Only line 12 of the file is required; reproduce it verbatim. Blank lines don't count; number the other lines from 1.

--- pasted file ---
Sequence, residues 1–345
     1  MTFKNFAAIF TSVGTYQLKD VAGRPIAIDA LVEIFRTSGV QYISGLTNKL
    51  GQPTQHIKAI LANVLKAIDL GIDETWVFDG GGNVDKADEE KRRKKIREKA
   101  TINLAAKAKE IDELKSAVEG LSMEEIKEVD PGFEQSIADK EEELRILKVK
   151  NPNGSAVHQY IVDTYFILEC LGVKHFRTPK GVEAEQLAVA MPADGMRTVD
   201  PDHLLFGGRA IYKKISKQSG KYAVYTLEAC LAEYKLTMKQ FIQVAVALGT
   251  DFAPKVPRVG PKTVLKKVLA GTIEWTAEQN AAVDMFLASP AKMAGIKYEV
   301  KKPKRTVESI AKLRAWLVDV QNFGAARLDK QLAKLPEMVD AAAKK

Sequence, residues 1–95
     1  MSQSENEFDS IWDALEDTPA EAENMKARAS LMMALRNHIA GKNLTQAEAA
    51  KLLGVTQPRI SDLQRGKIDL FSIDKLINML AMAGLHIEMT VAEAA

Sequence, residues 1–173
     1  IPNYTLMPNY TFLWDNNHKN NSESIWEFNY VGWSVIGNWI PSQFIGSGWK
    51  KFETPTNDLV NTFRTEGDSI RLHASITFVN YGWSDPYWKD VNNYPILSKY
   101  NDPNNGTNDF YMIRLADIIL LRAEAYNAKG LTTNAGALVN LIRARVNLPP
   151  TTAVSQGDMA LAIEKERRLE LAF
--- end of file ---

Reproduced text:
Sequence, residues 1–173